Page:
January 26, 2013

Pulicat Day! Wow!

If you have guests who enjoy travel and have a weakness for history, here is a tour you must recommend.

A tour that should start at Pulicat, or Pazhaverkkadu and end at Tranquebar, or Tarangambadi.

If you know your geography well, then you will be traveling along the Tamil Nadu coast.

And if you know your history better, then you will get to enjoy the remnants of European heritage and history and its influence on us.

Dutch, English, French, Portuguese and Danish histories - they hover on this coast and there is lots to re-discover.

Pulicat was once a stronghold of the Dutch. Today, it is still a beautiful seaside community and a wonderful picnic zone offering a lot of potential of hat one might call eco-tourism.

And not far from here are the expanses of marshlands which are the habitat of birds in the winter season, points off Sulurpet and Sriharikota.

A walk around the old town of Pulicat, a quiet boat ride, some fun in the sea and a piping hot picnic lunch is just the sort of outing that a family can enjoy here.

I recall a young man from the fishing community here, who inspired by a foreign tourist got a web site created and offered bookings for boat rides, tenting and even a seafood meal with some chill beer served alongside.

Off and on, efforts have been made to restore the Dutch and Indian heritage of this place.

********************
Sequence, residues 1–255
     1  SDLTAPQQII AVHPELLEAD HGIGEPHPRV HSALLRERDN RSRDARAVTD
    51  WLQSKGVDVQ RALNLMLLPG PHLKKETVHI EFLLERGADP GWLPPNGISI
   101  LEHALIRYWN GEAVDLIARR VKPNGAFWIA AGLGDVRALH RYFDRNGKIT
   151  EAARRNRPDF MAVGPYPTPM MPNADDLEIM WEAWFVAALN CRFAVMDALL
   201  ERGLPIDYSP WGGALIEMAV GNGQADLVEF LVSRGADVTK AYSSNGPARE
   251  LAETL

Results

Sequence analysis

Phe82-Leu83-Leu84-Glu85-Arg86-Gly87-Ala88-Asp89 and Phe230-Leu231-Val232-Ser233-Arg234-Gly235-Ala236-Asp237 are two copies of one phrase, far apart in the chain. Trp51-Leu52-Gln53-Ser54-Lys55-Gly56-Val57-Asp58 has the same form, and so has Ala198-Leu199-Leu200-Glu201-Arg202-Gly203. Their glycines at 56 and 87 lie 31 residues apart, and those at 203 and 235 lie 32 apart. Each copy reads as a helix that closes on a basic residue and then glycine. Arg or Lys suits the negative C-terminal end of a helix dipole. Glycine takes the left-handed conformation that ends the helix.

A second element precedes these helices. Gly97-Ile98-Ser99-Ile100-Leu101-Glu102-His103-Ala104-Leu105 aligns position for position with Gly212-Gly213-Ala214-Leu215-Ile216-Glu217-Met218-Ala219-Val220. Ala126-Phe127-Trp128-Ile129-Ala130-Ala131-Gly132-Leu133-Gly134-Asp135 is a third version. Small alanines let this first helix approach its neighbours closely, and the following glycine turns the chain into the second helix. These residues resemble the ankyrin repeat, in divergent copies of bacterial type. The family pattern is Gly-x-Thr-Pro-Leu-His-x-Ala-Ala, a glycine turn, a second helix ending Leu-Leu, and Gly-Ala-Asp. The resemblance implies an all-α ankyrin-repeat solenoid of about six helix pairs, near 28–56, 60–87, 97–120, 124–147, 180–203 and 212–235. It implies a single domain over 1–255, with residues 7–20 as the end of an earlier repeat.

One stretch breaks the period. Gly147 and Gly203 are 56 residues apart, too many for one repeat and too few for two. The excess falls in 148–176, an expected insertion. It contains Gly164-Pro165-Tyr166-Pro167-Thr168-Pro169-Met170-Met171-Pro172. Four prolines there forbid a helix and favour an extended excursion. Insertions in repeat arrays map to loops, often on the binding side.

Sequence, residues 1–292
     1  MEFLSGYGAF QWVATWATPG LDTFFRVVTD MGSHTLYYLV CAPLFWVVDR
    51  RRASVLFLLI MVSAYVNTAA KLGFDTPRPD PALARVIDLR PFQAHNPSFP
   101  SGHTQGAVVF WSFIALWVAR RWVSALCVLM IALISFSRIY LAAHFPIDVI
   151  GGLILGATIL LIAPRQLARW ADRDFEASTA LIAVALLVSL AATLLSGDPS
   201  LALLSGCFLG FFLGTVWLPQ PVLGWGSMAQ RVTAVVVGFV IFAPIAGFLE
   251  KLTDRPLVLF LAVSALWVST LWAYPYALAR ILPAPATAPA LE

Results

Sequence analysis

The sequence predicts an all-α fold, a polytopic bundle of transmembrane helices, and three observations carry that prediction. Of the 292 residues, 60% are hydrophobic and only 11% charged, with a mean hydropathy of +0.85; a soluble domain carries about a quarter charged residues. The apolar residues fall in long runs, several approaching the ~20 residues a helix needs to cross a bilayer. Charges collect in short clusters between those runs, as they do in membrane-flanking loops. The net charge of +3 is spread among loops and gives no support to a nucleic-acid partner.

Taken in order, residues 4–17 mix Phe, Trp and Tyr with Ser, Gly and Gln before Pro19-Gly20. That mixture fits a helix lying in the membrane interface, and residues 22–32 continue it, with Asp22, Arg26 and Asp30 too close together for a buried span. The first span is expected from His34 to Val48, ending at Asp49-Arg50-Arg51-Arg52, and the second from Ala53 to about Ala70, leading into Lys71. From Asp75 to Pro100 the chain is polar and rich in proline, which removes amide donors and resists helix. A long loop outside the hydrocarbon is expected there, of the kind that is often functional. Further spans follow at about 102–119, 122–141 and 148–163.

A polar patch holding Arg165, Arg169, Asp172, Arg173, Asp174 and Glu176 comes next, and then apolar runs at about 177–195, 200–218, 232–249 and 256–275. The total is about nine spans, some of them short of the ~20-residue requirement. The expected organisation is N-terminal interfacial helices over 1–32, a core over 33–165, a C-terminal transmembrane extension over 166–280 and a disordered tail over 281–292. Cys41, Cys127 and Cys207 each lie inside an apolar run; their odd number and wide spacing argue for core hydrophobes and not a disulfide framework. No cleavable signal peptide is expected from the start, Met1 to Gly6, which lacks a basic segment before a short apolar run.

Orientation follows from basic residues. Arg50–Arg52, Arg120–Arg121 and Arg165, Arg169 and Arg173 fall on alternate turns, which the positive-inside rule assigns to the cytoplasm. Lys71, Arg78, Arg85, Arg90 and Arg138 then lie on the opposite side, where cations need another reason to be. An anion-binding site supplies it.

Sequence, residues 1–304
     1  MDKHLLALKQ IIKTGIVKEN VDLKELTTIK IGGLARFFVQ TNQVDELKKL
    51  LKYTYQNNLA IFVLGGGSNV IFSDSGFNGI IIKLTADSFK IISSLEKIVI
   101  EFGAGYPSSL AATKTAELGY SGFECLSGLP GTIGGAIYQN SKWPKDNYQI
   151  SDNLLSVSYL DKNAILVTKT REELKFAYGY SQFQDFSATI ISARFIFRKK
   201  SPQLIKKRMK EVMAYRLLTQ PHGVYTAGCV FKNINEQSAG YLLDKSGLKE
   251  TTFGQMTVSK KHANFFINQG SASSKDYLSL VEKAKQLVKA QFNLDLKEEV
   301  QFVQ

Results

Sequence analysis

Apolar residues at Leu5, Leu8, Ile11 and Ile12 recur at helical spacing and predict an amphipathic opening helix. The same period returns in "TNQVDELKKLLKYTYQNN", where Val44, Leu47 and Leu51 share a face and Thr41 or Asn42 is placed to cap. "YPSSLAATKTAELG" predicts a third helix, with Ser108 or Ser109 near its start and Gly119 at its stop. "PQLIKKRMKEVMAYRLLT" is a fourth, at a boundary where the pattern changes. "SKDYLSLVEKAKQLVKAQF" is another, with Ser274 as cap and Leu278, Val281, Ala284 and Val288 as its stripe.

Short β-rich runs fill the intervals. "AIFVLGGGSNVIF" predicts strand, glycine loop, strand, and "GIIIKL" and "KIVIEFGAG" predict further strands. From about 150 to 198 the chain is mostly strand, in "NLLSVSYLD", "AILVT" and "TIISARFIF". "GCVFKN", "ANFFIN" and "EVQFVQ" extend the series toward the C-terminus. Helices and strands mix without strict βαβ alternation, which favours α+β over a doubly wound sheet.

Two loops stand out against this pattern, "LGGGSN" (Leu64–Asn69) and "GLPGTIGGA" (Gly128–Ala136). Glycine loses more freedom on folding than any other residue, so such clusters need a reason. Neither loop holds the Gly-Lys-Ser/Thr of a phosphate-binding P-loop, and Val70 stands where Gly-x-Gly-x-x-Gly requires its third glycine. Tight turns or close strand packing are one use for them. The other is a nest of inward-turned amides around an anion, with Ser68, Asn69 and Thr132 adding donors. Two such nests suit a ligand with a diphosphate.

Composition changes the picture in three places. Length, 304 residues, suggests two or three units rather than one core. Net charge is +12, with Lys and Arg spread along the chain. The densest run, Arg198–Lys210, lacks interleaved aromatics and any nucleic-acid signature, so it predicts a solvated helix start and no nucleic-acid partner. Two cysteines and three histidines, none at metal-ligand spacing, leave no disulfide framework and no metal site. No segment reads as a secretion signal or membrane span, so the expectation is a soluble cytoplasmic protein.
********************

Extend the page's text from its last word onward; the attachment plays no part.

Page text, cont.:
Churches and mosques, graveyard and community houses and the like.

Over recent years, a NGO called AARDE Foundation seems to have taken this project seriously.

And when we heard of their efforts to market the famed craftwork of Pazhaverkaddu, the cane baskets, we invited them to showcase it at the annual Mylapore Festival.

This Saturday, the NGO is hosting Pulicat Day and besides walks, fun and catamaran races there is also a kolam contest for the women - inspired by the kolam contests hosted in Mylapore.

Pulicat Day is a great idea. And  one hopes that this historic place remains proud of its roots and its character and retains it for long. And that you, me and the state sustain the effort here.

January 23, 2013

Mylapore can up its unique heritage

The idea was not new. Nor was it a simple one to execute.
Elai sapad served to guests at traditional houses.
It was an idea that we, at the Mylapore Festival adopted in 2012.
We were conversing with IAS officer Sheela Rani Chunkath about the possibility of hosting master craftspeople at the Fest when Chunkanth suggested the elai sapad idea.
She had visited the Fest some years ago and just couldn't get her way into the crowded Food Street. Why not offer guests the pleasure of having a local meal served on banana leaves at Mylapore's houses?
We grabbed the idea but it took time to move it forward. There weren't too many families wiling to play host and entertain guests. Would it be safe? How many guests could be served? How much to charge?
We started with one host; this year we had three.
And 32 people were booked, the maximum the hosts could accommodate.
Scheduled on the eve of Pongal when the local markets are better stocked with a variety of vegetables, preparing the meal was a tad easy. And at one hundred rupees per meal it was a steal, with guests